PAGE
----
Another, happier anniversary

It was a year ago today that I discovered the awesome history/death penalty blog Executed Today. It profiles an execution every single day of the year: “On this day in this year, so-and-so was executed, and here is the story.” It’s been running for a couple of years now. I was happy to take some of the burden off the blogger’s hands and have written many guest entries. I specialize in Holocaust/Nazi stuff but have written entries about other cases too.

Check ’em out:

January 15, 2000: Kasongo, a child soldier from the Democratic Republic of Congo
January 17, 1945: Not Szymon Srebrnik, who survived his execution at the little-known Nazi extermination camp Chelmno
February 23, 1629: John Dean, an eight-year-old arsonist and probably the youngest person ever executed in England
April 1, 1942: Not Hersh Smolar, a Jewish resistance leader from the Minsk Ghetto who escaped death through a ruse
April 6, 1945: Kim Malthe-Bruun, a resistance member in Nazi-occupied Denmark who also wrote awesome love letters
April 8, 1943: Otto and Elise Hampell, for writing seditious postcards in Nazi Germany (theirs was the story behind one of my favorite novels, Every Man Dies Alone)
April 13, 1942: Anton Schmid, a German who saved Jews in Nazi-occupied Poland
May 19, 1942: Shimon Cohen, a Lithuanian Jew in hiding who was caught by the Nazis
May 20, 1943: Wilhelm H., for writing anti-Hitler graffiti in a toilet
May 23, 1673: Thomas Cornell, whose allegedly murdered mother allegedly implicated him in a dream
May 27, 1941: Mirjam Sara P., a victim of the Nazis’ T4 program designed to eliminate people with disabilities
June 12, 1903: Ora Copenhaver and William Jackson, two murderers who happened to be hanged on the same day
July 30, 1419: The First Defenestration of Prague, wherein rioters invaded the town hall and threw a bunch of people out the window
August 15, 2004: Atefah Rajabi Shalaaleh, an unchaste Saudi Arabian teenager
August 18, 1775: Thomas Jeremiah, a black guy in pre-Revolutionary South Carolina who got too rich and successful for his own good
September 5, 1942: Children’s Action in the Lodz Ghetto, wherein the Nazis deported almost all the ghetto’s children and old people to their deaths
September 15, 1944: Mala Zimetbaum and Edek Galinski, who were caught after they escaped from Auschwitz together
September 29, 1941: Babi Yar Massacre, when the Nazis killed over 33,000 people in two days in Kiev, Ukraine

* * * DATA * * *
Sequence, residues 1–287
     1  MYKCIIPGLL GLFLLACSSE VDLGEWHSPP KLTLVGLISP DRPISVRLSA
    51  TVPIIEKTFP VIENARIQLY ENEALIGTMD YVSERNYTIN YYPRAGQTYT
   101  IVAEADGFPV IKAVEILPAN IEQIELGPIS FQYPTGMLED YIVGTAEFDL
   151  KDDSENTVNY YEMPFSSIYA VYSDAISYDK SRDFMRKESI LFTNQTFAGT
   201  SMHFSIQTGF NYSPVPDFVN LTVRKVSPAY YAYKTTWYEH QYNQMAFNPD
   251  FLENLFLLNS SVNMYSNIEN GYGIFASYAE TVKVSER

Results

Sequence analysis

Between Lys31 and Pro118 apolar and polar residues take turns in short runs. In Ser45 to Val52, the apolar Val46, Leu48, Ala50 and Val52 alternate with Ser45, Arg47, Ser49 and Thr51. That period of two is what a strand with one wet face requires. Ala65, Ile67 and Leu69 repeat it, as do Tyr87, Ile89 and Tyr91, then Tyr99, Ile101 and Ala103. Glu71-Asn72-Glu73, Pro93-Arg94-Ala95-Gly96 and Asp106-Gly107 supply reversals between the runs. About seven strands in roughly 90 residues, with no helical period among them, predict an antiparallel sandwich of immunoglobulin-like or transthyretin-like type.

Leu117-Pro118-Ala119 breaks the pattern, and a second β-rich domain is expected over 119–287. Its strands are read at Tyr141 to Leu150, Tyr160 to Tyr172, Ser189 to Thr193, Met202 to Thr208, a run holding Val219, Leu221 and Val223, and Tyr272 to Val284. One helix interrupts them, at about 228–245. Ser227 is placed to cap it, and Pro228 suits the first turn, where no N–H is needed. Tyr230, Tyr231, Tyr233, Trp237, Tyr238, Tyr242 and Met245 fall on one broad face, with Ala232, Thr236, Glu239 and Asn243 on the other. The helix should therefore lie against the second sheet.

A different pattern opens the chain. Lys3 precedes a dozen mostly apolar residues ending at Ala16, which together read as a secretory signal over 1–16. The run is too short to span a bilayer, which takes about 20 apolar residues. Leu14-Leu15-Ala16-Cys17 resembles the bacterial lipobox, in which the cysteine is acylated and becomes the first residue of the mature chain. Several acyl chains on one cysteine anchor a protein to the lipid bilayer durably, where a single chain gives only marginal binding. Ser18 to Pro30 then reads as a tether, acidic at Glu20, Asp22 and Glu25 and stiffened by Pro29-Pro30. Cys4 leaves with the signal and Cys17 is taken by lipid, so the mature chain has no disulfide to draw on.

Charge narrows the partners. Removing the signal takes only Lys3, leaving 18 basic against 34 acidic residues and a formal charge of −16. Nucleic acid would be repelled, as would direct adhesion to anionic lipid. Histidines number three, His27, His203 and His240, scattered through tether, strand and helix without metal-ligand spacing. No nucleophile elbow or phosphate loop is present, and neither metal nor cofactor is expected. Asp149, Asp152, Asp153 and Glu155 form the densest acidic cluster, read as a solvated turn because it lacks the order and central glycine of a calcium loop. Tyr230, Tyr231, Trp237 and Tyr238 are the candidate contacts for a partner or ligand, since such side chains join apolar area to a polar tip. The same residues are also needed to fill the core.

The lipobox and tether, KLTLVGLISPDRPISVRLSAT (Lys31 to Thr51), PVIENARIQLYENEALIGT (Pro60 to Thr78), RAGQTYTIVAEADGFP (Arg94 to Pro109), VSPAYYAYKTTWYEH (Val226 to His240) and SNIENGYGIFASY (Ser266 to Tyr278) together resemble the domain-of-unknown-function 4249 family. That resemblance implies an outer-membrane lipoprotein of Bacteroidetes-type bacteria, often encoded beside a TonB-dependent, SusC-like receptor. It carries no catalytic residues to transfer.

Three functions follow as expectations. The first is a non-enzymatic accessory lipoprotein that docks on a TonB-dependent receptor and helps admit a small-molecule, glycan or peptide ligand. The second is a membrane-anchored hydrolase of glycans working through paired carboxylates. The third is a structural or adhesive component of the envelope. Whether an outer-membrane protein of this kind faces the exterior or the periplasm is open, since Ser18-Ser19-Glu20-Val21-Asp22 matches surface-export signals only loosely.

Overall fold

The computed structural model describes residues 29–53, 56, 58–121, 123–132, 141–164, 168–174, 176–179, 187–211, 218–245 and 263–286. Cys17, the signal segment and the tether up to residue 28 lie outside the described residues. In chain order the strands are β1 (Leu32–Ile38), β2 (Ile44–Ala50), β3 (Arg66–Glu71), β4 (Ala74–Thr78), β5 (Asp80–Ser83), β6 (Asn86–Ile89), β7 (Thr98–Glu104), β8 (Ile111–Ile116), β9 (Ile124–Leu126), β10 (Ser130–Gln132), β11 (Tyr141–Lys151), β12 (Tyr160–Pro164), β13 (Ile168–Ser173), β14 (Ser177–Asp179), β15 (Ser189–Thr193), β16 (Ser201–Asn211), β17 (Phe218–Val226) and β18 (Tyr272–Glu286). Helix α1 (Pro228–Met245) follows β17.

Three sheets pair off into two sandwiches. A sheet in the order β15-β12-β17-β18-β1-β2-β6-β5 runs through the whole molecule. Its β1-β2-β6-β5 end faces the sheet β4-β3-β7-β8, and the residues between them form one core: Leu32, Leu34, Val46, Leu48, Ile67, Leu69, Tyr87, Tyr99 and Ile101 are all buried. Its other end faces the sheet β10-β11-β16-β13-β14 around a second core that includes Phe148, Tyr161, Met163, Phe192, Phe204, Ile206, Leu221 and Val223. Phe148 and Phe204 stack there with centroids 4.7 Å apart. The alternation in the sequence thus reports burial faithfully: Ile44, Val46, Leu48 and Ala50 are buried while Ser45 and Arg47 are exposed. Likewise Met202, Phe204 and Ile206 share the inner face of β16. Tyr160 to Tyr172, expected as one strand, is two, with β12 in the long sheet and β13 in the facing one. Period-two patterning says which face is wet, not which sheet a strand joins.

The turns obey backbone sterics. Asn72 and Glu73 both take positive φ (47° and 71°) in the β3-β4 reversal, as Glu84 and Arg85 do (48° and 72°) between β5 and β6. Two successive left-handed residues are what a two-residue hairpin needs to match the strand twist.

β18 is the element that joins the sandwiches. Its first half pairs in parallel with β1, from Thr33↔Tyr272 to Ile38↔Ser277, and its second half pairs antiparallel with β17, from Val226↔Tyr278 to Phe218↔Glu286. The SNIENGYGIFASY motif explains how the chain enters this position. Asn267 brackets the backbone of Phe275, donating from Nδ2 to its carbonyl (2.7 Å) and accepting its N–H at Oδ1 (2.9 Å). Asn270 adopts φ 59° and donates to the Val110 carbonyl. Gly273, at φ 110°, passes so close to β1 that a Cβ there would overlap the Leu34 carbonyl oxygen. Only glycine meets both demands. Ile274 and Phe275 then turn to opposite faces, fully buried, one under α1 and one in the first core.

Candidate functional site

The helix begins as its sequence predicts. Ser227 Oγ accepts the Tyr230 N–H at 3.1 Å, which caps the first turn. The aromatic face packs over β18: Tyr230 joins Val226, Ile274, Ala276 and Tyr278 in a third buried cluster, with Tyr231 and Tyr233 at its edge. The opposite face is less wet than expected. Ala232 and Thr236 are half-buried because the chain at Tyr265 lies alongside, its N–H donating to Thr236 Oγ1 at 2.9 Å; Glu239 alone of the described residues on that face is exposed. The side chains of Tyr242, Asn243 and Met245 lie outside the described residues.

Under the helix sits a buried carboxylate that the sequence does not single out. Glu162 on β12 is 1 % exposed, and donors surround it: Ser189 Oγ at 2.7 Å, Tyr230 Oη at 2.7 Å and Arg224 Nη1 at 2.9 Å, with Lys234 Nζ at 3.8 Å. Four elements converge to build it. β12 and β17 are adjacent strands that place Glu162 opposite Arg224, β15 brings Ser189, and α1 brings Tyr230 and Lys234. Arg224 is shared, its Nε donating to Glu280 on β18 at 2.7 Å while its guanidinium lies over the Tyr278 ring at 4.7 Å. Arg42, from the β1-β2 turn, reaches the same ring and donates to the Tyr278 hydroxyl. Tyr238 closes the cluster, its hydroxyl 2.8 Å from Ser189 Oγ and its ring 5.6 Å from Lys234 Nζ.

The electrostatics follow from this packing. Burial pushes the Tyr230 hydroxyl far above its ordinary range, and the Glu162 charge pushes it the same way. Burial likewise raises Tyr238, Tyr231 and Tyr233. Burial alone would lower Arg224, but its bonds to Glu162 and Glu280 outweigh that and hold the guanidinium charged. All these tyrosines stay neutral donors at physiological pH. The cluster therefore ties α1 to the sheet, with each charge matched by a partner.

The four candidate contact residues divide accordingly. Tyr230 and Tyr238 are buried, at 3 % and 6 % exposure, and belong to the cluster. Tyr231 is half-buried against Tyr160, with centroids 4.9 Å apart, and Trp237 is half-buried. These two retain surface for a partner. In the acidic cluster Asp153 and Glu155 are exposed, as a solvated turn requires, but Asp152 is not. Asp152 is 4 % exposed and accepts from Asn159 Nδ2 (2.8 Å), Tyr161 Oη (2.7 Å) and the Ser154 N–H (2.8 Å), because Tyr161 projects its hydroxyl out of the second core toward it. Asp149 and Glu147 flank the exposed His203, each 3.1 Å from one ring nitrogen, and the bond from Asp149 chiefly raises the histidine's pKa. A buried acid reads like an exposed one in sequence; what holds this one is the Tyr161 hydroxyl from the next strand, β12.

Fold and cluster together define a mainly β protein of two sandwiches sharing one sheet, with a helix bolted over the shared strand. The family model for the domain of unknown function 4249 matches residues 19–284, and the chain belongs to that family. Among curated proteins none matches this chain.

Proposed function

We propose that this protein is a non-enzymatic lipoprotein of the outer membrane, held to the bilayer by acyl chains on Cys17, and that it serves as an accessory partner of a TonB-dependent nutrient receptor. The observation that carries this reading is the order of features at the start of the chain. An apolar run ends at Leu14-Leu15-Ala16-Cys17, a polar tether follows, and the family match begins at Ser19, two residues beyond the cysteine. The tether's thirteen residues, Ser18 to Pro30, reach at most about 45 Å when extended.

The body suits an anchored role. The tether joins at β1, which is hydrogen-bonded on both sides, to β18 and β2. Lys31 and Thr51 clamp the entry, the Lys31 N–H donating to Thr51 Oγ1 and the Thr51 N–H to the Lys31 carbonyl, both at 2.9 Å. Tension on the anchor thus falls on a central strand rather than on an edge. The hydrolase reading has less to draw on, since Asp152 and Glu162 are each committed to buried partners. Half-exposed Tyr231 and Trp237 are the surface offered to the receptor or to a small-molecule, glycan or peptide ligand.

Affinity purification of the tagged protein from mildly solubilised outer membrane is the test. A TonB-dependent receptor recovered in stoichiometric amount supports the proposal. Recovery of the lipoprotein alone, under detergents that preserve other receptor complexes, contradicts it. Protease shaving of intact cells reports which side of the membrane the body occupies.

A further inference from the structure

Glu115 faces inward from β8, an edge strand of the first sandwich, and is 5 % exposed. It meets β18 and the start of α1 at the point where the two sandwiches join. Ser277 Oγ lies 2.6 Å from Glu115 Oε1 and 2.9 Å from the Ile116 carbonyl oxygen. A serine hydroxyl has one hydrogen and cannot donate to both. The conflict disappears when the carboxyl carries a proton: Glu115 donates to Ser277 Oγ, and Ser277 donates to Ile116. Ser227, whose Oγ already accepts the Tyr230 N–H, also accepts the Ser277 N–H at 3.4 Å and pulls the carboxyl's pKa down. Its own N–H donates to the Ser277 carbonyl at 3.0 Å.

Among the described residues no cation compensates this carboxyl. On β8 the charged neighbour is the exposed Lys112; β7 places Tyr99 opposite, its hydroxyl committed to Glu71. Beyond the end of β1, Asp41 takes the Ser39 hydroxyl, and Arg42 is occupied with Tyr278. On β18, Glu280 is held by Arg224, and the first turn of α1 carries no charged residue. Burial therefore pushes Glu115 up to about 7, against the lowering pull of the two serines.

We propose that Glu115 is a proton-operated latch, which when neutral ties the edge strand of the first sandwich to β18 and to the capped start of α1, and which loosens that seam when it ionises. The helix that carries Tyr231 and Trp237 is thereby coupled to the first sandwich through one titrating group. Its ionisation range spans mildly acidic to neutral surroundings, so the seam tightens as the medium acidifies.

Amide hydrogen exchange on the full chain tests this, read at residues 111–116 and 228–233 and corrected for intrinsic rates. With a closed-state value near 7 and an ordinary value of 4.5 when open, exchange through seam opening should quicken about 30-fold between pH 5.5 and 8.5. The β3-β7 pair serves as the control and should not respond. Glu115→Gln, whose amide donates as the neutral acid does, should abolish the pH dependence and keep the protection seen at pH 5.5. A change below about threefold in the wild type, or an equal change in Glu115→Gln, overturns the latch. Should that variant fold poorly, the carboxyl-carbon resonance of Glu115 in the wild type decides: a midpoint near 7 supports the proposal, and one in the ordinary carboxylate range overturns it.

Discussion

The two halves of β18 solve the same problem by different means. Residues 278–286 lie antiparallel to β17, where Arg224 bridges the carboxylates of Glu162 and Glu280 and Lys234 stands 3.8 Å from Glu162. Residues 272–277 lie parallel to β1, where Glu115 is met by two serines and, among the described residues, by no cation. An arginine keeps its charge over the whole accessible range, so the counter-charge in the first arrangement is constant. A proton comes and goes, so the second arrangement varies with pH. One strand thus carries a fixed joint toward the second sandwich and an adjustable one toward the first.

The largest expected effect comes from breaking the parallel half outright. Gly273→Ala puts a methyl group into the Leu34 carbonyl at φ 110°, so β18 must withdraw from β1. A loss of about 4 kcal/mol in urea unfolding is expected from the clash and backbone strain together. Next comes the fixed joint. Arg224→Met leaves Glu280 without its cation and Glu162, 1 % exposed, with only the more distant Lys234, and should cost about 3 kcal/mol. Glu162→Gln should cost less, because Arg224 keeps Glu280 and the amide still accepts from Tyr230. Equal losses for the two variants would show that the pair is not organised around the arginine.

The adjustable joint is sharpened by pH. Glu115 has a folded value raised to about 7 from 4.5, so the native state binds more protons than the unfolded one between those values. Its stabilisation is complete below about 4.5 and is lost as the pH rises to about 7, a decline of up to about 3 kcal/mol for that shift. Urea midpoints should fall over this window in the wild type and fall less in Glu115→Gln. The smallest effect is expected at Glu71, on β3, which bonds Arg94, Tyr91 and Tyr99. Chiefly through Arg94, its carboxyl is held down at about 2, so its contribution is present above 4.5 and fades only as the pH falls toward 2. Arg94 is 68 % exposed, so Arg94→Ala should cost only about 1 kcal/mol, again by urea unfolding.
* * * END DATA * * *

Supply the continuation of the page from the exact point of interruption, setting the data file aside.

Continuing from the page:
November 23, 1499: Perkin Warbeck, who pretended to be one of the lost Princes of the Tower
November 24, 2009: Two Chinese men implicated in a horrific international product-tampering scandal involving baby milk
December 23, 1942: Sasha Filippov, a teenage Russian spy during the Battle of Stalingrad (he was a minor character in the movie Enemy at the Gates)
December 27, 1944: Not Sim Kessel, an inmate of Auschwitz who survived one execution and escaped another, on the same day
December 30, 1818: Robert Johnston, a robber whose hanging was botched so badly that they had to do it to him four times

I’ve got more coming up too, including two later this month. I love researching and writing these things, and the owner of Executed Today loves having some of the responsibility taken off his hands. It’s a win-win situation. 🙂

Anniversary #2

So the attack happened two years ago today.

I’m not sure what to say about it. There are a lot of things I’d like to say, but I don’t think it’s a good idea, both because I want to protect the privacy of others and because I don’t want to open myself to more of the kind of abuse I experienced from certain people two summers ago. I’m still not sure whether or not it was a mistake to go public with the story or not. I had to deal with a lot of nastiness, but there was a great deal of support too. And my real friends stood by me. No one who knows and loves me ever believed I made the story up.

I still think about Rollo every day — often several times a day, and more so lately. What I feel about the whole thing is not so much fear as shame. Shame about all the stuff I said and did while I was with him, making him think I liked it, reinforcing every twisted belief he had that made him rape women in the first place, just because I so frightened of him. I know for a fact that he walked away blissfully unaware that I would go straight to the police. I’m very sure that, to this day, he believes he did nothing wrong. And I know in my head that I shouldn’t blame myself for any of that, but the shame feeling is there anyway.

But it’s been two years, and I’m alive and doing all right for myself, and he’s in prison and facing deportation to Sudan when he gets out. He’ll never bother me again, except in my own head, and I’m trying very hard to kick him out of there.

I guess that’s the best I can hope for.